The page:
NYACK, N.Y. -- The signs are often subtle at first: a misplaced book, getting lost on a familiar road or forgetting an appointment. These can happen to anyone, but for seniors such instances can be warning signs of a larger medical issue. That's why experts suggest testing early to determine if a parent is simply aging or is suffering from a neurological disorder.
“If a parent is starting to show signs of memory loss, bring them to a doctor sooner rather than later,” said Marianna Golden, M.D., attending neurologist at Nyack Hospital and practitioner at Rockland Neurological Associates in West Nyack. “They can determine if changes in memory are being caused by normal aging, Alzheimer’s disease, or another medical problem. The earlier a person is diagnosed with Alzheimer’s, the quicker they can start taking medication that may slow progression of memory loss,” said Golden.
There are many warning signs that a parent may be developing Alzheimer’s. “Typical signs of Alzheimer’s can include problems with simple daily activities such as leaving the stove on or the fridge open more than once, forgetting how to make a favorite recipe, or getting lost while driving,” said Golden.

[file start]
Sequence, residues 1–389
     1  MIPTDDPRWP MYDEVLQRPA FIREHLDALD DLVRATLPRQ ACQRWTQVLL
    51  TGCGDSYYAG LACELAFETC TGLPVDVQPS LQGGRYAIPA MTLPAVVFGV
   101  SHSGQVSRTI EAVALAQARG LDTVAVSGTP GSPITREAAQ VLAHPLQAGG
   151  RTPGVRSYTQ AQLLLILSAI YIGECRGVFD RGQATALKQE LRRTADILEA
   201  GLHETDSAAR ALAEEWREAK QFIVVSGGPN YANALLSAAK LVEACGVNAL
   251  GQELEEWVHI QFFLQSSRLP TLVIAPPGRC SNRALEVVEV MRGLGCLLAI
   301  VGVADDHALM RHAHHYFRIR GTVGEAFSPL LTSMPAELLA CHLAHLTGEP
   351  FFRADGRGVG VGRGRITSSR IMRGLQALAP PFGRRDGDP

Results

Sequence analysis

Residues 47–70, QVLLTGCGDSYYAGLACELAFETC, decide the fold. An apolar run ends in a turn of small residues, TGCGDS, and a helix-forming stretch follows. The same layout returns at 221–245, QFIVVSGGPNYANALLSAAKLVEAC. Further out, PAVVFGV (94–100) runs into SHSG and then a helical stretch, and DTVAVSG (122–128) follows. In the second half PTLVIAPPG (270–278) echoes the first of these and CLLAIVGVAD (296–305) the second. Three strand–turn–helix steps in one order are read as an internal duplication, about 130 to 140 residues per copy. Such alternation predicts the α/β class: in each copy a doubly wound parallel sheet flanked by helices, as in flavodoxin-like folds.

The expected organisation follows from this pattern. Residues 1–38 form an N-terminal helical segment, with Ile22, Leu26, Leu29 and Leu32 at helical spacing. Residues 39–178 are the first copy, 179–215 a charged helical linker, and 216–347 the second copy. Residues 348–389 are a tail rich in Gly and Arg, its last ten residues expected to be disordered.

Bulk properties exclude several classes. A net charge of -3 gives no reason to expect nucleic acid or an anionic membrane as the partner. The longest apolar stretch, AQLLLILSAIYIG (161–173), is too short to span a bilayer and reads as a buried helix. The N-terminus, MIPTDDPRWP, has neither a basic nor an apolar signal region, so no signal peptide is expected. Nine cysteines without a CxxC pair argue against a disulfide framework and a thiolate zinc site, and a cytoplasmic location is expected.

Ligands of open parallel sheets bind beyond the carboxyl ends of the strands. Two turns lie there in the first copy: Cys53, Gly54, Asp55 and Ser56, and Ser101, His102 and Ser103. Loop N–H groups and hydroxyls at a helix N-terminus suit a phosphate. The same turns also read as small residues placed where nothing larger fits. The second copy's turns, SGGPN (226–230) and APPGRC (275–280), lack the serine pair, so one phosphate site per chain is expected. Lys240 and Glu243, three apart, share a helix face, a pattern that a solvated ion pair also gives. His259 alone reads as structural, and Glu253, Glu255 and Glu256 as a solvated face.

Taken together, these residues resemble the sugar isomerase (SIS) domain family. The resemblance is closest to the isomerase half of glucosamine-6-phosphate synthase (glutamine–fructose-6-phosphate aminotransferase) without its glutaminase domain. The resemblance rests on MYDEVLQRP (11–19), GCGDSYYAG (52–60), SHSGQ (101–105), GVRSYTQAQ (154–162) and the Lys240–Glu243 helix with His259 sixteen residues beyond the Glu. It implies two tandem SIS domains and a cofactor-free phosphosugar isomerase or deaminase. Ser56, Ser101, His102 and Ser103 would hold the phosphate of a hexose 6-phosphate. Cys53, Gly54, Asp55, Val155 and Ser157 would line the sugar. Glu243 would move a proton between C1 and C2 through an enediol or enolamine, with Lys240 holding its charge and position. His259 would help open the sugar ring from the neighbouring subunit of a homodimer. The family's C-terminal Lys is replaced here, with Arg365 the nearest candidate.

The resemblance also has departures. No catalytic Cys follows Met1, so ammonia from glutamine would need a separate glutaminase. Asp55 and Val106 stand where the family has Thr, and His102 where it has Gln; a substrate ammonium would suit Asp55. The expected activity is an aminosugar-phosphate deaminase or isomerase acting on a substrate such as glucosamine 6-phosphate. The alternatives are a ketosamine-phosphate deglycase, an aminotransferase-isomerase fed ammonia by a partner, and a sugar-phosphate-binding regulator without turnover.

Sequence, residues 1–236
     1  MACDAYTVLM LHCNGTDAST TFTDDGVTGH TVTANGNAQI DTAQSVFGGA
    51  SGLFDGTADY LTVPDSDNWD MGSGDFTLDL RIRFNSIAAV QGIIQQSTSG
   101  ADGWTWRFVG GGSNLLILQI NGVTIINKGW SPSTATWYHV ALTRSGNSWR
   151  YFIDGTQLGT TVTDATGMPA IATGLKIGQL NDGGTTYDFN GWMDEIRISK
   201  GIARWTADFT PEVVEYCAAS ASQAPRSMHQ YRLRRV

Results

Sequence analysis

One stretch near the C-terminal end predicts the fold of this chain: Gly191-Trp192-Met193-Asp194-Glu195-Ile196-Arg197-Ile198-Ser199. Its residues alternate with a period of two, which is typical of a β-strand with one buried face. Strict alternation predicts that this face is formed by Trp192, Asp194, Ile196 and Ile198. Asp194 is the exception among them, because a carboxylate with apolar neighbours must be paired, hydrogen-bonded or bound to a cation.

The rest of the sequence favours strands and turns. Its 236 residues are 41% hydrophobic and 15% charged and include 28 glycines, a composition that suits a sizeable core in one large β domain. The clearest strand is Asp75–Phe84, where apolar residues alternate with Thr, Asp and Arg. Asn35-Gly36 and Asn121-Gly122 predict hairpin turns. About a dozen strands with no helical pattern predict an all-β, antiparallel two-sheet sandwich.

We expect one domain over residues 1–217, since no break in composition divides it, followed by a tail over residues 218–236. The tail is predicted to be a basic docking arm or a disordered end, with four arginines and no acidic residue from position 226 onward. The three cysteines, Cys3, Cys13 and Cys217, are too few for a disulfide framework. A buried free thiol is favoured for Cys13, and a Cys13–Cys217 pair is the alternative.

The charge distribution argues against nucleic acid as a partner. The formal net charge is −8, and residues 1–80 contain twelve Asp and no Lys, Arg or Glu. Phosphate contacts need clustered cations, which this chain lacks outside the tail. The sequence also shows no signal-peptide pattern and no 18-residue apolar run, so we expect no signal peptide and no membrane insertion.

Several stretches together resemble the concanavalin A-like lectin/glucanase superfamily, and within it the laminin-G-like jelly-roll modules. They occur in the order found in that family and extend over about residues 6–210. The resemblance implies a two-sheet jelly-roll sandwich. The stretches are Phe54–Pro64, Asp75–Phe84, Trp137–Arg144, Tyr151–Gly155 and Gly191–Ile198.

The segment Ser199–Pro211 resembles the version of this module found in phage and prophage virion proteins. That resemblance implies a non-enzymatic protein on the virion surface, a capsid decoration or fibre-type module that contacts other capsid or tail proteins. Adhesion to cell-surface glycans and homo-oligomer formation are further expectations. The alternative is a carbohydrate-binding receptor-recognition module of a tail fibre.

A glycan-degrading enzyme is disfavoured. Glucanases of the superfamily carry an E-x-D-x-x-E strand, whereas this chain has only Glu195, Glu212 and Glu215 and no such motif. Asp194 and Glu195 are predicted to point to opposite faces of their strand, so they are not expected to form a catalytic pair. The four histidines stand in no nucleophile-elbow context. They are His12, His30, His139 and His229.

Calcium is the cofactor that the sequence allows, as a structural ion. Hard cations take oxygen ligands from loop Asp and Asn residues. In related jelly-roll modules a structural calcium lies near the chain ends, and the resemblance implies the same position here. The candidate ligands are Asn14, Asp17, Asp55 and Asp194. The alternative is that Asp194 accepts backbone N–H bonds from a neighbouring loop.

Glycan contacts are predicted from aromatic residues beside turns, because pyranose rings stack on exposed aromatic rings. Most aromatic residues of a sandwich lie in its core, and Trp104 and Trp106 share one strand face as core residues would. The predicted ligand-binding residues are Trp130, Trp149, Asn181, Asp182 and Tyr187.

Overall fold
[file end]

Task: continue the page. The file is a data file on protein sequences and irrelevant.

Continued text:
Alzheimer’s medications are effective in slowing down the progression of the disease, especially if a person starts taking them in the early stages. “The earlier you start the medications, the better off you will be in the long run,” said Golden.
In some cases, memory loss is caused by another medical problem such as a stroke or a brain tumor, infection or metabolic abnormalities. In these cases, early diagnosis is also essential, in order to start treatment right away.
Having an early diagnosis of Alzheimer’s not only allows for earlier treatment, but can help patients and their families plan for the future, take care of financial and legal issues, address potential safety issues and develop support networks.
Patients given an early diagnosis may also be able to participate in a clinical trial of possible new treatments for Alzheimer’s disease. For more information, visit National Institute on Aging's website .